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The Washington times. [volume] (Washington [D.C.]) 1902-1939, November 12, 1917, FINAL EDITION, Image 1

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Good-bye Liliuokalani.
Another Washington News
paper. NorthcMe Air Minister.
Pray Persistently John D. Jr.
The Philadelphia Ledger is to
start a special Washington morn
ing edition.
An able individual Is Cyrus H. K.
Curtis, father of the Ledger,
father of the Saturday Evening
Post, father-in-law of the Ladles'
Home Journal
He will be welcome here, and
successful, as always, of course.
We have news of yet another
morning newspaper proposition
soon to enliven these waters.
This will be a considerable
morning newspaper city before
long. But, as E. B. McLean truly
and defiantly says, "the more the
merrier, come one, come all, this
rock shall fly from its firm base
as soon as I and sooner."
"I like the atmosphere and
odor of Washington. There Is
more of the grape-juice odor
(' here than ever before, and I
t am enjoying the aroma con
siderably." William Jennings
Bryan at Poll's Theater yes
terday. Important as far as It goes.
But why is Washington managed
to please William Jennings Bryan
and his notions as to "atmosphere
and odor?"
With Washington, a few fanatics
and an obedient Congress do as
they pleaso.
After a little more of the foolish
ness in Washington and elsewhere,
Mr. Bryan will learn that his ice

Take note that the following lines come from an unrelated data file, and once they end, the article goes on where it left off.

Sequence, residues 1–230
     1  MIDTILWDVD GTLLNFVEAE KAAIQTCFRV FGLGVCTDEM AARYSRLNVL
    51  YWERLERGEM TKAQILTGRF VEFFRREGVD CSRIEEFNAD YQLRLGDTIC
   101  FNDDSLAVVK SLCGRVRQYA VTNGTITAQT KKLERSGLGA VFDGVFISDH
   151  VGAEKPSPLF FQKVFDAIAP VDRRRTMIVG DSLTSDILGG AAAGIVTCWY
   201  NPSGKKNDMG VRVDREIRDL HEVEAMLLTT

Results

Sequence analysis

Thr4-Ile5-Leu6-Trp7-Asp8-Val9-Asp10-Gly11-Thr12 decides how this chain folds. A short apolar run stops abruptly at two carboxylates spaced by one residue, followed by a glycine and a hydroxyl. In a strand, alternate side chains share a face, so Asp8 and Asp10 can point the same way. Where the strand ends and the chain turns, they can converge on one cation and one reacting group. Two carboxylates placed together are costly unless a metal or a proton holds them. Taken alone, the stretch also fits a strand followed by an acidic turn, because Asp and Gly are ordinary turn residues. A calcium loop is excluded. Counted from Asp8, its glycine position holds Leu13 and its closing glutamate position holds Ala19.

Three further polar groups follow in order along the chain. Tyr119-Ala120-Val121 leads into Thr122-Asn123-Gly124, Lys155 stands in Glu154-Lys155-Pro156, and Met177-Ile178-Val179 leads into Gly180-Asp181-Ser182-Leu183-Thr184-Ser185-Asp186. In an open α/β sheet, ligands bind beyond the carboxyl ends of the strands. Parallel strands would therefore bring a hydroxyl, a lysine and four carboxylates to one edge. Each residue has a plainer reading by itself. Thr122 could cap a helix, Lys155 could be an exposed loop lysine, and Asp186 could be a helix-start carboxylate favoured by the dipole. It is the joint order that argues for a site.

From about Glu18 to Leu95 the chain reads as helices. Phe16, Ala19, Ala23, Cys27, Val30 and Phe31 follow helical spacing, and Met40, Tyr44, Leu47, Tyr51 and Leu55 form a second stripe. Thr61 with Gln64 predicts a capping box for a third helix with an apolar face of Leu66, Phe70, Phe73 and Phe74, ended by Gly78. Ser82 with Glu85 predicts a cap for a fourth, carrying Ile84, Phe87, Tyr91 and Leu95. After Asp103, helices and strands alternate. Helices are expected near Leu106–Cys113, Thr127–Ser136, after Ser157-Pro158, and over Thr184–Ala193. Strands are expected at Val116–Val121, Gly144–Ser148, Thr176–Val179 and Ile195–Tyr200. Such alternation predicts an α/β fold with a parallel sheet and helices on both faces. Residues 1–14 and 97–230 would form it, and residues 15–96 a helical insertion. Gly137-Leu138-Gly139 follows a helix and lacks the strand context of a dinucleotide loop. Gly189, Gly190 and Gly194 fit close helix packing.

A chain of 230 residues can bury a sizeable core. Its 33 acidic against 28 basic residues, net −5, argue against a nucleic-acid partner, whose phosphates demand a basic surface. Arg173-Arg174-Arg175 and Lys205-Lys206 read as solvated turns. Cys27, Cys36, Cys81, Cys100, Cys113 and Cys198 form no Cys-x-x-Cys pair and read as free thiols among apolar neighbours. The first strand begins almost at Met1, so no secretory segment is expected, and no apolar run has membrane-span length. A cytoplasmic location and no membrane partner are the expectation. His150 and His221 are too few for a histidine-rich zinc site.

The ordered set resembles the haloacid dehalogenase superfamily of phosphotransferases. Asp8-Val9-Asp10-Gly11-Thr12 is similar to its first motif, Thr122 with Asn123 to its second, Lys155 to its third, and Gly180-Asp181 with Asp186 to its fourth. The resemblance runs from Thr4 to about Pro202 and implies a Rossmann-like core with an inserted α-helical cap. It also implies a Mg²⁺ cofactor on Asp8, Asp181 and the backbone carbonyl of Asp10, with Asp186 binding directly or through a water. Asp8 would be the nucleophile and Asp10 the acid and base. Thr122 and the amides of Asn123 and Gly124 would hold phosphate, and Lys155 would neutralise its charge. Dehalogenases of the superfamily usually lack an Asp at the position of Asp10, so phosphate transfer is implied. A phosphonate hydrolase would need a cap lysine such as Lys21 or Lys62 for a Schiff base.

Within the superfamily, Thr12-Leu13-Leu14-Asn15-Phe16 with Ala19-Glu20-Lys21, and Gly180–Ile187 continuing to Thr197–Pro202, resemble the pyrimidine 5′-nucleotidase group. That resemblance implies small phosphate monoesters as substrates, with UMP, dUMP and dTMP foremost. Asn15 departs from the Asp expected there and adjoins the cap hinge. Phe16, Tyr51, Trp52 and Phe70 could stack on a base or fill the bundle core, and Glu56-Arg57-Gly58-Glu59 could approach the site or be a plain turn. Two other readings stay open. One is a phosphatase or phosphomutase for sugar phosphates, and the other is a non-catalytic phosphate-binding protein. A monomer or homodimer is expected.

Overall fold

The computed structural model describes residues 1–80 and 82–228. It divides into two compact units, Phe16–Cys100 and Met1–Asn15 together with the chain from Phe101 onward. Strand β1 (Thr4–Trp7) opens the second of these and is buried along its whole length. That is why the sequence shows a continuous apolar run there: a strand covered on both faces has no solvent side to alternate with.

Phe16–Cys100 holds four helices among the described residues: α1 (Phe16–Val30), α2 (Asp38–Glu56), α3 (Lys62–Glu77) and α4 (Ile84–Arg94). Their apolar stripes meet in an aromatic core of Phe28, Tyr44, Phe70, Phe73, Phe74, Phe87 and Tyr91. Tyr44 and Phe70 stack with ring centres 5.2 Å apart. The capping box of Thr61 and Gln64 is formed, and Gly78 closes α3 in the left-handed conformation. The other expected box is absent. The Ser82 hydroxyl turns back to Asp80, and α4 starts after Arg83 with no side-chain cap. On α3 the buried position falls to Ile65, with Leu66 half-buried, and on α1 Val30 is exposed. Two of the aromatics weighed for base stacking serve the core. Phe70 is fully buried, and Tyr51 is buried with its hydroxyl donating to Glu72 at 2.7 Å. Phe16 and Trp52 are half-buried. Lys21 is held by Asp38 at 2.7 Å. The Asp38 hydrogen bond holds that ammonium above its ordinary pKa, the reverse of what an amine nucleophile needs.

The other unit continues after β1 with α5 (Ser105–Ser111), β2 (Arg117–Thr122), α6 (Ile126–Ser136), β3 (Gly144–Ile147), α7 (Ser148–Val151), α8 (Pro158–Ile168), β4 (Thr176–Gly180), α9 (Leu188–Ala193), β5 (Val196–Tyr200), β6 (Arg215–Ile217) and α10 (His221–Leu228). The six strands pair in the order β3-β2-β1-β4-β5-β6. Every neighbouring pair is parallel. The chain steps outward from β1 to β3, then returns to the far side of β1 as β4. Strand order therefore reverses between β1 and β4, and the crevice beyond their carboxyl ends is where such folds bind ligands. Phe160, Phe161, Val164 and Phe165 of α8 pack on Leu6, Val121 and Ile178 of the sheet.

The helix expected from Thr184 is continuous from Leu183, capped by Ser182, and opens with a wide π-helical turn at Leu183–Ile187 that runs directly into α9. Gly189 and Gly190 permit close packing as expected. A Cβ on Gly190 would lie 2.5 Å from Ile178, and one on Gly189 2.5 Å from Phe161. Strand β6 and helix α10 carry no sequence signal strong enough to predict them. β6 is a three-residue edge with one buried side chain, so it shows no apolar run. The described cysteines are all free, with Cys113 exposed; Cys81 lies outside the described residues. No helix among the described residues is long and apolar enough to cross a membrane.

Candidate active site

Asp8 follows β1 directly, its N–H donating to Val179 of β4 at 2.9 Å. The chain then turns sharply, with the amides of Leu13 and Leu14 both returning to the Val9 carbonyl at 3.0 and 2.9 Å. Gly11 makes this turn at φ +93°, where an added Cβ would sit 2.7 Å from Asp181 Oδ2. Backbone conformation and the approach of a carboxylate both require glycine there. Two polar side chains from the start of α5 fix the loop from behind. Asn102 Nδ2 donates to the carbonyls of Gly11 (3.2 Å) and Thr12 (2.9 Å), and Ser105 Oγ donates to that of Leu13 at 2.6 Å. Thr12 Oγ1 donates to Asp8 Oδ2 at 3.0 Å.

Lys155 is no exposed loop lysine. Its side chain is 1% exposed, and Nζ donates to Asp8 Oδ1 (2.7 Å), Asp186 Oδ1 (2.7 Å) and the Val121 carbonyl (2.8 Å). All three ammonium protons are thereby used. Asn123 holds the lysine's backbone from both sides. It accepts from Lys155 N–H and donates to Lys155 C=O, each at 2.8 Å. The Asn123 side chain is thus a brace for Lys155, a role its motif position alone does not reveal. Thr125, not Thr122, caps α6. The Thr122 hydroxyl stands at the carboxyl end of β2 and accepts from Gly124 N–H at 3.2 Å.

water nag will carry him no near
er to the White House than dear
old dead and gone Slxteentoone.
"Lord Korthcliffe to be head of
the "Air Ministry' of England."
Who would have thought a while
ago that to Ministers of Marine,
Foreign Affairs, etc, etc, would
be added a Minister of the Air?
There could be no better selec
tion than Northcllffe. He will take
the question of air fighting out
of the realm of theory and UP
INTO THE AIR. where it ought'
to be.
Those who believe that the first
duty of public men and of editors
is to say nothing and NEVER
criticise, may be interested in
England's attitude toward Korth
cliffe, Dealing with English in
efficiency at the beginning he was
the most severe, courageous, and
valuable critic that any nation
ever had.
"Persistency is as necessary to
success in prayer as it is in life."
John D. Rockefeller, jr.
Judging by material results, the
Rockefeller family have prayed
This difficulty presents itself:
Suppose one hundred million
Americans al prayed with Rocke
feller persistency for a thousand
millions each, how could it be ar
ranged ? If in response to prayer
ful persistency, each of the hun
dred millions cot a thousand mil
lion dollars there would be too
much money and the money
wouldn't buy anything. There is
an "out" somewhere
Queen Liliuokalani is dead, and
at present "sitting in the green
mountain tops with King Kame
hameha," as the Hawaiian national
sonr has it.
Having failed to get one million
acres, of rich land claimed as her
queenly right, Liliuokalani has
been living on four thousand dol